Tadashi Ono, Japanese Hot Pot Expert, Describes the Real Shabu Shabu

Categories: 'Eat' Extra
Shabu_Shabu_Scene550.jpg
Melissa Barnes
Shabu shabu at Shabu Pub, which is not traditionally Japanese
While researching this week's review of Chinese-American shabu shabu restaurants in the Richmond and Sunset, I called Tadashi Ono, the chef of Matsuri in New York and coauthor of Japanese Hot Pots. I wanted to get a sense of how exactly San Francisco shabu shabu diverges from traditional Japanese preparation.

The Japanese have been eating beef only since Buddhist proscriptions against eating red meat were abolished in the mid-19th century, so shabu shabu doesn't date back to time immemorial.

In fact, says Ono, it dates back to just after World War II, when the Japanese imported it from China.

"I think it was based on Beijing- and Mongolian-style hot pot," Ono says. "The method of cooking was brought by Chinese cooks who came back to Japan with army surgeons who'd stayed in China during the war. The Chinese normally use lamb, but since the Japanese are not familiar with lamb, we adapted it to beef."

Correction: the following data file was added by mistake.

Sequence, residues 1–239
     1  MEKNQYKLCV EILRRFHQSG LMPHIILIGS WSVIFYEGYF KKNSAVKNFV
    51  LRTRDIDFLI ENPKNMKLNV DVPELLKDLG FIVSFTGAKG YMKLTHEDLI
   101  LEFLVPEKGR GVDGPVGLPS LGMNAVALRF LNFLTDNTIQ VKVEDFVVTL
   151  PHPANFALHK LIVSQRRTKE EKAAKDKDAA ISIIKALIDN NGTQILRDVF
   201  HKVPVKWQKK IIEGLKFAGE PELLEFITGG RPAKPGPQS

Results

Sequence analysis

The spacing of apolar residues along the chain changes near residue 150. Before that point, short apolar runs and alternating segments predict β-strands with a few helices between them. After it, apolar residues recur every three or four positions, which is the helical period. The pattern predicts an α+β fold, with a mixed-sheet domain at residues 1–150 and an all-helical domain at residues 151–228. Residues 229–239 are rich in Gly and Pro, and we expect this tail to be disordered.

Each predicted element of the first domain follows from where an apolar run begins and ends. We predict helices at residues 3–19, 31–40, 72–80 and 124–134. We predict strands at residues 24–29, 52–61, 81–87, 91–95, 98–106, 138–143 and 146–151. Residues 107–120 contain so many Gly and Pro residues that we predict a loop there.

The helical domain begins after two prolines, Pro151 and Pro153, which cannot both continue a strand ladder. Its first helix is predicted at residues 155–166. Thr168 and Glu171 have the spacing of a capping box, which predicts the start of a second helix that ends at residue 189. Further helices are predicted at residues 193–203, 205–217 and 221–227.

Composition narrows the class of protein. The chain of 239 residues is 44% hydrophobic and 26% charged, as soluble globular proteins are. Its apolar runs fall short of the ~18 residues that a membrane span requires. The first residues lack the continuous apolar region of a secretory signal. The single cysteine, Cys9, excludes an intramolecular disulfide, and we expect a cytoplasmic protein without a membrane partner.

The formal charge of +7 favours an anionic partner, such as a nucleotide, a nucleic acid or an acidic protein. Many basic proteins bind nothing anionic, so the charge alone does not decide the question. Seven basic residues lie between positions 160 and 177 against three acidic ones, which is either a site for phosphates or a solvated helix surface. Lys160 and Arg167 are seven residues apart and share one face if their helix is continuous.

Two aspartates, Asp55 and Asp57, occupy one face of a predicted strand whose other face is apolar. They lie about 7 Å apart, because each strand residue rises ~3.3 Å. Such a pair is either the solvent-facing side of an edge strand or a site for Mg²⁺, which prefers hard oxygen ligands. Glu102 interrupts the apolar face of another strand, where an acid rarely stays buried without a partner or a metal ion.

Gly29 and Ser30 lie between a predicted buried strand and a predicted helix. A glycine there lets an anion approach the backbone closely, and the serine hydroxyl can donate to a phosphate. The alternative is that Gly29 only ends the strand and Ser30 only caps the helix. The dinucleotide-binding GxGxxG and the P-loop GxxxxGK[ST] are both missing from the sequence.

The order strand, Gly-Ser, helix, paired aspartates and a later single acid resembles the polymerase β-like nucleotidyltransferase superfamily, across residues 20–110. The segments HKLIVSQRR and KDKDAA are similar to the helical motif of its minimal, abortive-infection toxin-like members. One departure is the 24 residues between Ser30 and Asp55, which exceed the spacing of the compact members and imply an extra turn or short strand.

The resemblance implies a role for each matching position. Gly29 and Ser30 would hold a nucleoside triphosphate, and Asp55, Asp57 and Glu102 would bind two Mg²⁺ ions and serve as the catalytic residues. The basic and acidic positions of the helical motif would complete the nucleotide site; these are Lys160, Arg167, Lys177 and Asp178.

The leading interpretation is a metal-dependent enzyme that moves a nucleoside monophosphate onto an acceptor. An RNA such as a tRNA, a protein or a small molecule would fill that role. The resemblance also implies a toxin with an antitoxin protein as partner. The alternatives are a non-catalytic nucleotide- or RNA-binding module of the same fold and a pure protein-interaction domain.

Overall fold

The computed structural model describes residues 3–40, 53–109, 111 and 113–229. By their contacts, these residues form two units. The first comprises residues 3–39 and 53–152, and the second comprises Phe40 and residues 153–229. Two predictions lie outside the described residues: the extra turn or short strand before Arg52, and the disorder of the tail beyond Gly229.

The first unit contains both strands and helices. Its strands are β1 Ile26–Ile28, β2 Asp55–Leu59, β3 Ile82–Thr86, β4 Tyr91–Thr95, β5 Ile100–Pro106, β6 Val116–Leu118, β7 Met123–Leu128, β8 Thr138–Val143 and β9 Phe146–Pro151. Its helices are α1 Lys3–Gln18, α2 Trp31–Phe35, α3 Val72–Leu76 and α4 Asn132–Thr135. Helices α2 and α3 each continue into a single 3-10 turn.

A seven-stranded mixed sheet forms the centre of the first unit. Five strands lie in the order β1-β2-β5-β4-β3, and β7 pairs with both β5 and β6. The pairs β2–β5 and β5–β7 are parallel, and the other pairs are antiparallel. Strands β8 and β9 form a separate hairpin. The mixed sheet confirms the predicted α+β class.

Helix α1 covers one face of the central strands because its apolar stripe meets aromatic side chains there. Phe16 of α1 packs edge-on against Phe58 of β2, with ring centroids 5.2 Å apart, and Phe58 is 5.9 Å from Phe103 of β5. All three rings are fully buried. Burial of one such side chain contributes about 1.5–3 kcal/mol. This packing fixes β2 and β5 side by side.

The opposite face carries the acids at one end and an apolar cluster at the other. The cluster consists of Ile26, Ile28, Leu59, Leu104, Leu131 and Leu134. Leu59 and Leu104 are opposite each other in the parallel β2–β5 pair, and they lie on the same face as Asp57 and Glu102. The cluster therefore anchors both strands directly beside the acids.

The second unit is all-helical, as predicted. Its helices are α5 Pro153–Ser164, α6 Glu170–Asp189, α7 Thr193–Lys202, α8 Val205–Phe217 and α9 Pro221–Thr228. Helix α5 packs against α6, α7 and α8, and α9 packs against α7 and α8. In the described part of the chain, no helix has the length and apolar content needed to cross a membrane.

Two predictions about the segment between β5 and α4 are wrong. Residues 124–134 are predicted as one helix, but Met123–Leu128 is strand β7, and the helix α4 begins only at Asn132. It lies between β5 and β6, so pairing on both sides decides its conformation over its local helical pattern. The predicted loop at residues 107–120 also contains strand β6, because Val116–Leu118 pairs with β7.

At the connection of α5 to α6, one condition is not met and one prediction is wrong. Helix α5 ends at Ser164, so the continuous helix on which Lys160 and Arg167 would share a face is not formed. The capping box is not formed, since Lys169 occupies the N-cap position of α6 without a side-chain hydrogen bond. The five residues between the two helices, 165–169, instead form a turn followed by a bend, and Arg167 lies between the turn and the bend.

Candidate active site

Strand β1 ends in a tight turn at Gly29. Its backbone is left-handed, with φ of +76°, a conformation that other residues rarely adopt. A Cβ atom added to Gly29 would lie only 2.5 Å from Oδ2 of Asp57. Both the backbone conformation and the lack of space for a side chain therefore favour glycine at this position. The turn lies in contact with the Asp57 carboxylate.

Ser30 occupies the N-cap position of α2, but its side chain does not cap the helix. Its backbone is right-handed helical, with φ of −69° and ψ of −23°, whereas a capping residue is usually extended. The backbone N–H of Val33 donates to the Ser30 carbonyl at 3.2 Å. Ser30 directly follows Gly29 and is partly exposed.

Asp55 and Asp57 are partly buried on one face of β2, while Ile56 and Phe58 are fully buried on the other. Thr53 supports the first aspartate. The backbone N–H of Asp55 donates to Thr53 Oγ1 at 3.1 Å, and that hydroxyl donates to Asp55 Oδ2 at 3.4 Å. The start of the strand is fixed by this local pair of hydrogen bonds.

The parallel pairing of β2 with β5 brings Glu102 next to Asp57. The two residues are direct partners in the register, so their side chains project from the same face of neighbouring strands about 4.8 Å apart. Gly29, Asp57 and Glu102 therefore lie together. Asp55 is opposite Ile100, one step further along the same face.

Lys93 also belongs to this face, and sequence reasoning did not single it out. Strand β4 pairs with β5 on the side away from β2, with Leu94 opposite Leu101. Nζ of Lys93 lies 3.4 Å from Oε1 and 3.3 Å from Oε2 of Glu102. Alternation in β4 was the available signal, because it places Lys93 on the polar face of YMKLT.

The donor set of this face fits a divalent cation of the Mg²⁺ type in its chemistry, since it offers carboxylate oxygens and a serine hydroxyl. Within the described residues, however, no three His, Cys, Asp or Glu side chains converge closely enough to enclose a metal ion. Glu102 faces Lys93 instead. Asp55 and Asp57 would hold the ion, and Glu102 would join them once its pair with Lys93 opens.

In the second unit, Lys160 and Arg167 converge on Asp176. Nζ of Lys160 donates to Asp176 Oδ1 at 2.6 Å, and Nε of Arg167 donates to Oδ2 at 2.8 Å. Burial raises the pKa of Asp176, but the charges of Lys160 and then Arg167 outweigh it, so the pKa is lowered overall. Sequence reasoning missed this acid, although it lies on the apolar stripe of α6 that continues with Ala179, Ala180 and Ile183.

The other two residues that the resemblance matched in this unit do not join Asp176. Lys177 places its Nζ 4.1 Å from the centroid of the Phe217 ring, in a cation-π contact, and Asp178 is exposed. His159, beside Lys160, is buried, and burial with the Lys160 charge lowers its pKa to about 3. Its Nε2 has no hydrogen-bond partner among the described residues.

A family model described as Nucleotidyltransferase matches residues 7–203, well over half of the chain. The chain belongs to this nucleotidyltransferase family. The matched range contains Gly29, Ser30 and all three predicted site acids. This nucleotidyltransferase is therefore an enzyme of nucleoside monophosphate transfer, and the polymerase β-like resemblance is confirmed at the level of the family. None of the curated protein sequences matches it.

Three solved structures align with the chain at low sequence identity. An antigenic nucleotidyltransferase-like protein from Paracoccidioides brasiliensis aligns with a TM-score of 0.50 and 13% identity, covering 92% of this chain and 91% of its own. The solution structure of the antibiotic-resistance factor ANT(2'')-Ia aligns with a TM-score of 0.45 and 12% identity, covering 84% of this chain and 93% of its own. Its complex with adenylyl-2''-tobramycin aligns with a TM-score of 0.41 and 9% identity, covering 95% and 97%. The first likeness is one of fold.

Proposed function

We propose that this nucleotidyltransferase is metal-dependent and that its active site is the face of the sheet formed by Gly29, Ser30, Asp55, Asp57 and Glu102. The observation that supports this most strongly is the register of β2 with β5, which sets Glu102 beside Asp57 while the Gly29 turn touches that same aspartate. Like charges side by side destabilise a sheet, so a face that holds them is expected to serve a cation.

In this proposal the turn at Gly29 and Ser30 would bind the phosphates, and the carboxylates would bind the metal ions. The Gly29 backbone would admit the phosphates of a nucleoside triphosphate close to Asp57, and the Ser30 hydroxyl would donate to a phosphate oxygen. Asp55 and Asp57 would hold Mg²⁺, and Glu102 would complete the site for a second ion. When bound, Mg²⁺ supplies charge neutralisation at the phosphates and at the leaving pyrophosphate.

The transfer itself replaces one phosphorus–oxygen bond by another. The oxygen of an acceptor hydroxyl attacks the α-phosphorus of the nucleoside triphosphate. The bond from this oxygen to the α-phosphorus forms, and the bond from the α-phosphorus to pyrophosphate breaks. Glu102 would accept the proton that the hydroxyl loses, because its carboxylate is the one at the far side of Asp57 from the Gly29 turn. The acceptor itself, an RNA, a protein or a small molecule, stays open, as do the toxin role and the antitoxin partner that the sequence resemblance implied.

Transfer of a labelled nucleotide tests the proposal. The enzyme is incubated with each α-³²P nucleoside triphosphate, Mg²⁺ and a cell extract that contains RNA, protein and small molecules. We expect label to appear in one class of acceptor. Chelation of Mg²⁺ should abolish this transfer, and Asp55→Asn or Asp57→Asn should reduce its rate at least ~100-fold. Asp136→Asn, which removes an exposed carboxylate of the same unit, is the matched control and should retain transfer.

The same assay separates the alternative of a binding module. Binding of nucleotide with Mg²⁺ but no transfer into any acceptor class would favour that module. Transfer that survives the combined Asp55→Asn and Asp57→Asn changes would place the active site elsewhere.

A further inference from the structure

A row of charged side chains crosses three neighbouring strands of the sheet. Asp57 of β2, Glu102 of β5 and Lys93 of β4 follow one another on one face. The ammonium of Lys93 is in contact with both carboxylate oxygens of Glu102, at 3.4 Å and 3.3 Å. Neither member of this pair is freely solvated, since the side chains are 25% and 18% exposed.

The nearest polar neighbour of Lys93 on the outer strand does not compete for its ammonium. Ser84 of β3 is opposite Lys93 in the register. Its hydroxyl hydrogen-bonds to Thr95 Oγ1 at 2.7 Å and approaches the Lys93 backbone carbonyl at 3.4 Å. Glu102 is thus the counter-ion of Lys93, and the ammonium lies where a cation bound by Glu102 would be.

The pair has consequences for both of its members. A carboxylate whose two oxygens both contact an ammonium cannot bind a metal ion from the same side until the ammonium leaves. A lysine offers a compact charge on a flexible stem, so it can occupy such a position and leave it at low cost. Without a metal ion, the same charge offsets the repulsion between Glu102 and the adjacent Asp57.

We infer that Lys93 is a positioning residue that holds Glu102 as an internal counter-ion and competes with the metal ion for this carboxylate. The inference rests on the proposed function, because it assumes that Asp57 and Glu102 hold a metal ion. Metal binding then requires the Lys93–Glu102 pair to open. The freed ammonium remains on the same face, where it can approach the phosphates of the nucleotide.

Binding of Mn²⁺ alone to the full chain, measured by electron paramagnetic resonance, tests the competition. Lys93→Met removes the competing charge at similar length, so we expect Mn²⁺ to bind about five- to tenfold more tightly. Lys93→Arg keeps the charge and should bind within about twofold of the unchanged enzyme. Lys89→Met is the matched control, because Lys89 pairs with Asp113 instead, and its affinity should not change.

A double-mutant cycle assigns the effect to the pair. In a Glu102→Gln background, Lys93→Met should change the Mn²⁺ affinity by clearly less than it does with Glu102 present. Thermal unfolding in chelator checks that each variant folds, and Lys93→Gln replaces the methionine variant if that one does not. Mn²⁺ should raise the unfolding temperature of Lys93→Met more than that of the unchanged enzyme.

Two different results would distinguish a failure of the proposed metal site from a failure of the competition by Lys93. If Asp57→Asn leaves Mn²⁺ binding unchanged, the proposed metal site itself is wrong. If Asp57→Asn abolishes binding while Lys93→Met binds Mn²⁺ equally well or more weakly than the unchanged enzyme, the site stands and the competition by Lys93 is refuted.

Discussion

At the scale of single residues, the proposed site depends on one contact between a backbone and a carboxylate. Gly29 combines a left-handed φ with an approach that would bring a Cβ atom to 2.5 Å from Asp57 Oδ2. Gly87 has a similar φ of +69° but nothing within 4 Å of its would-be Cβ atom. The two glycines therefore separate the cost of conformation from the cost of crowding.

Traditional shabu shabu, he says, uses a water base flavored simply with kombu -- none of the ginger-infused chicken stocks or spicy miso broths that S.F. restaurants use. Napa cabbage, chrysanthemum greens, several kinds of mushrooms, Tokyo leeks (which are like oversized scallions), and stretchy yam-starch noodles are traditionally cooked in the pot. San Franciscan restaurateurs add such novelties as taro, daikon, watercress, and udon and ramen noodles.

And the traditional meat is beef and beef alone. "They serve loin -- sirloin or strip loin -- cut very thin," Ono says. But isn't that a lean cut? "Yes," he agrees. "But Japanese beef has a lot of fat content, a lot of marbling, so it's pretty tasty." American cooks, who don't have the cash to spend on Wagyu, substitute fattier cuts such as short rib and well-marbled sections of ribeye.

Lastly, there's no sign of chile paste, chopped garlic, cilantro, or shrimp paste on the table. "Normally we only serve ponzu -- soy and citrus -- as a dipping sauce, and a sesame sauce made with ground sesame seeds, sugar, vinegar, soy sauce, and dashi."

What about peanut sauce? I asked him. It's a common accompaniment to S.F. shabu shabu.

"Peanut sauce? Really?" he asked, then paused for a second. "Sounds good, though."

Here's Ono making shabu shabu with Martha Stewart:


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